By Bilal Kuchay
Branded as a “curse” by relatives until very recently, a young Pakistani mother is delighted to go home with her 16-month-old daughter whom doctors have treated for a rare condition that had caused her nose to grow bigger than the size of two tennis balls.
Asiya Manghrio from Sanghar in Pakistan’s Sindh province was suffering from frontonasal encephalocele, a condition where her brain tissue had grown out through a defect in the skull.
It had left the toddler with a trunk-like nose. She was unable to eat properly and would constantly cry in pain.
For Asiya’s heartbreaking condition, her 23-year-old mother, Fatan Achar was branded as a “curse” by some of her relatives.
However, Asiya’s life changed last week when doctors at Jinnah Post Graduate Medical Centre treated her condition in a three hour long surgery.
Neurosurgeon Dr Lal Rehman said: “The mass on the Asiya’s face was removed by performing craniotomy and disconnection of the roots of encephalocele with dural grafting and repair followed by excision of the encephalocele sac and extra abnormal tissue.
“It was a complicated surgery but everything went as per the plan.
“The patient is absolutely fine now. She was initially given liquid and semi-liquid diet only but now she can take biscuits as well.”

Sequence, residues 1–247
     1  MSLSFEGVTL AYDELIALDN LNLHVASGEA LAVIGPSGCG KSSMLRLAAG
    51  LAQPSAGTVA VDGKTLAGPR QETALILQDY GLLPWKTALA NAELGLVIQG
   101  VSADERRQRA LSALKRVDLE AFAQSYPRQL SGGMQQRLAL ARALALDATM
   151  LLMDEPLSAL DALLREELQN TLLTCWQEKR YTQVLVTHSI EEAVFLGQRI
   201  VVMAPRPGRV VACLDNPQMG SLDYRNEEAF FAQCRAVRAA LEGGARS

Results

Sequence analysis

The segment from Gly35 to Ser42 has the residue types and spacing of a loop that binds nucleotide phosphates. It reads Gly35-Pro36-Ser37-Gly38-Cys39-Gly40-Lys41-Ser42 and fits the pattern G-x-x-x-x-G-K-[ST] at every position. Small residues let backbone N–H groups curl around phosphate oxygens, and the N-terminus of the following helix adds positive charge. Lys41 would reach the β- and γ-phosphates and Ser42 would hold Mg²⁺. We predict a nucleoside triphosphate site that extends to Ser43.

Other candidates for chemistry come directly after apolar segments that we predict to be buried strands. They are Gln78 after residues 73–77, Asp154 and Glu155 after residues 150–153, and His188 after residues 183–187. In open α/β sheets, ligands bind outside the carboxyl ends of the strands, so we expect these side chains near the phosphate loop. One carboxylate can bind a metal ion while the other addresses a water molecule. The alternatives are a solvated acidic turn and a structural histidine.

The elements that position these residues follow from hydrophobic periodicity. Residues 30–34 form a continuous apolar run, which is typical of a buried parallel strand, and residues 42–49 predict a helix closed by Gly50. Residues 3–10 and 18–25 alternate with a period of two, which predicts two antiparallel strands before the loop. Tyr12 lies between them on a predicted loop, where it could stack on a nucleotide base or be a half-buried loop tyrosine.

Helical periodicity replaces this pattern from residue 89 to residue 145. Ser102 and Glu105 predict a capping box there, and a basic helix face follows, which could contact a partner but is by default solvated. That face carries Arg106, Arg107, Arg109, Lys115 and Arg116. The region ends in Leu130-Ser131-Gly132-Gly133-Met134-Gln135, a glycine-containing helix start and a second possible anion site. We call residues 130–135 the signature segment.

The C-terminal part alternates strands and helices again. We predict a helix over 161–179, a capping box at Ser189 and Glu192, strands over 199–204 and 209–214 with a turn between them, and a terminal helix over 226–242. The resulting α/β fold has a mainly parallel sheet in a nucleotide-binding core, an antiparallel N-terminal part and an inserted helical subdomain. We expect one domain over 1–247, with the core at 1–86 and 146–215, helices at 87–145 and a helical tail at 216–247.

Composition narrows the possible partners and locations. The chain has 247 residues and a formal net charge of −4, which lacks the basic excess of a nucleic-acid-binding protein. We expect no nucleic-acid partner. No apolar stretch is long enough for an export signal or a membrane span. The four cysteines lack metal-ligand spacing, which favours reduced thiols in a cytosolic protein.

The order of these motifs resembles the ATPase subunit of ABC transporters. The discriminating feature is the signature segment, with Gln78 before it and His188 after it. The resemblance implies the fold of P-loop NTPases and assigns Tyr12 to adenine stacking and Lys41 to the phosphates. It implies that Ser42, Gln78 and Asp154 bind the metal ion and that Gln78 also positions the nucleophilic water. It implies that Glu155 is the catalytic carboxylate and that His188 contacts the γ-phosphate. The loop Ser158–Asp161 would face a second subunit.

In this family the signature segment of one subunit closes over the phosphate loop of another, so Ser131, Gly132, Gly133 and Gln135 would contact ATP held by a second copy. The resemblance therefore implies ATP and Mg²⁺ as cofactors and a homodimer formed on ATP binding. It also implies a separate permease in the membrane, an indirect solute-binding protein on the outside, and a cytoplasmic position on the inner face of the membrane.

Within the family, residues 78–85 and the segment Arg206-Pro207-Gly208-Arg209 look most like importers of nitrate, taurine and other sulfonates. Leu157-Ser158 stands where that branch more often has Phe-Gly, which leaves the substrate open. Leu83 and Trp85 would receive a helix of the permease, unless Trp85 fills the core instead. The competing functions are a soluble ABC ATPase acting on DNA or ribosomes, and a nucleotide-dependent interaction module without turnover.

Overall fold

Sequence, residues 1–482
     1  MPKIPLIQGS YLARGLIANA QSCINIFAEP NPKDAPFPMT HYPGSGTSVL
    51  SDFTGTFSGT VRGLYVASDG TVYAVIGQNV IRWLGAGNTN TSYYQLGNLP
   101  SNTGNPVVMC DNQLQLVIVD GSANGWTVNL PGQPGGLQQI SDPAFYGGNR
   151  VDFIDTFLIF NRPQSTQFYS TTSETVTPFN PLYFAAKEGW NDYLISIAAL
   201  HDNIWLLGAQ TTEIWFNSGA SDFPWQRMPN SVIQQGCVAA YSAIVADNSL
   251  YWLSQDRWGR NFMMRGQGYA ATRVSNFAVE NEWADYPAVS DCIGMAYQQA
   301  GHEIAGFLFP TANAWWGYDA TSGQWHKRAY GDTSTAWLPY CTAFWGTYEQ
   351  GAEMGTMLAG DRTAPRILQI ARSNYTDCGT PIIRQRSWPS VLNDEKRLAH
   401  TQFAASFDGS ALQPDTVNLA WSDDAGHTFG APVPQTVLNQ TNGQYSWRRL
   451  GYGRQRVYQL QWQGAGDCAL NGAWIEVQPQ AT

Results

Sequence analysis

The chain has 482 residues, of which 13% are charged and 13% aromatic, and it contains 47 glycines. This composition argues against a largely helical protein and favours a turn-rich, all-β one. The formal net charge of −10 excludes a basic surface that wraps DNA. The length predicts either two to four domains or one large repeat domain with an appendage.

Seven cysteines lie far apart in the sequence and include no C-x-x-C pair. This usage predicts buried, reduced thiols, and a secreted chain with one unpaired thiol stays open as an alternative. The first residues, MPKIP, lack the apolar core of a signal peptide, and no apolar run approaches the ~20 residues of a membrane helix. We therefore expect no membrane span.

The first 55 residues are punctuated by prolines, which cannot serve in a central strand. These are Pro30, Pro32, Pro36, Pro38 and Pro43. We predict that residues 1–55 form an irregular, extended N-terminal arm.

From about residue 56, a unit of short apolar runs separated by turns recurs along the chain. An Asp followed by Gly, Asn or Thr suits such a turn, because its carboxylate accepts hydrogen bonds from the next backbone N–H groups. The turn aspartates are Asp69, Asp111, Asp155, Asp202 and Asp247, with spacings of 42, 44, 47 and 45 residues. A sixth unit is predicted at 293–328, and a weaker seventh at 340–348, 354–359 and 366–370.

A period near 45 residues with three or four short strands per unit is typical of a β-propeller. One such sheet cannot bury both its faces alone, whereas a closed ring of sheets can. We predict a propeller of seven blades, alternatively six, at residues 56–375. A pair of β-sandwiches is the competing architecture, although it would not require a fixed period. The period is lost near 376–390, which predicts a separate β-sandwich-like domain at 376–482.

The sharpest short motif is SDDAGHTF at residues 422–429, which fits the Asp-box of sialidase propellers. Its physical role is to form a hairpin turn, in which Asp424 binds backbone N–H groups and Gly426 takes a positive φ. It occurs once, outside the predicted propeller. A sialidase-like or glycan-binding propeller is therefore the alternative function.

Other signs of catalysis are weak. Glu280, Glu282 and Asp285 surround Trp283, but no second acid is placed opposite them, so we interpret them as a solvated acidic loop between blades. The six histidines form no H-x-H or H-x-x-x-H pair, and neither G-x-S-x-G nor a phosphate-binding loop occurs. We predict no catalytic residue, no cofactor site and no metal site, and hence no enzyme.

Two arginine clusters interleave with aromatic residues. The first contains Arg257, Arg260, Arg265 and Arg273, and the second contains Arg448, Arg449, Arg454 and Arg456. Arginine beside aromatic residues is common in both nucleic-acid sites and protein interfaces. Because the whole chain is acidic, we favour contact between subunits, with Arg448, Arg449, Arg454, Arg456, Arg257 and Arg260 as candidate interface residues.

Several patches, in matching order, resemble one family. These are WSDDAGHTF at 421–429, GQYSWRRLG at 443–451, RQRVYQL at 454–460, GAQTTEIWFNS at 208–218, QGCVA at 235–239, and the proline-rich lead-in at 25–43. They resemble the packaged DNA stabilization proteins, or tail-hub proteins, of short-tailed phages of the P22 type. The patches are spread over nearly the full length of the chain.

Asiya, who remained in observation for several weeks before surgery, is expected to go home next week.
Dr Lal said: “We are constantly monitoring her condition and hopefully she will be discharged from the hospital by end of this week.”
The young parents, Fatan and her husband Achar Manghiro, 27, who works as a daily wage farmer and makes only £100 a month, are thankful to Dr Lal Rehman and his team for having performed the surgery for free of cost.
Achar Manghrio said: “We were worried about the success of surgery as doctors told us that there is a lot of risk involved in the surgery.
“I was on fast and was constantly praying while sitting outside the operation theatre.
“We are happy that everything went well and are thankful to the doctors and the hospital administration for performing the surgery free.
“From test and medicines, everything was provided free of cost,” said Achar Manghiro.
In a small heartwarming video, Achar can be seen distributing sweets in the hospital ward.
Asiya’s young mum had sold her only gold bangle to arrange money for travelling 160 miles in a local bus along with her husband Achar Manghiro, 27, to get her daughter treated at Jinnah Post Graduate Medical Centre in Karachi.
She said: “My in-laws branded me a curse after I gave birth to Asiya as she was born with a swollen nose. Within few months, her nose started growing bigger and bigger.
“Many relatives showed a very strange behaviour towards me. They even taunted and cursed me for giving birth to a defected baby.
“Due to lack of financial resources, I had to sell my only gold bangle in order to travel to Karachi and get my daughter admitted here.”
The parents are now eagerly waiting for the moment when they would be told that they can go back to their home now.
“I can’t express my happiness that my daughter has been treated for her condition which was for torturous not only for her but also for me as well.
“Now, we can happily go back to home,” Asiya’s mother added.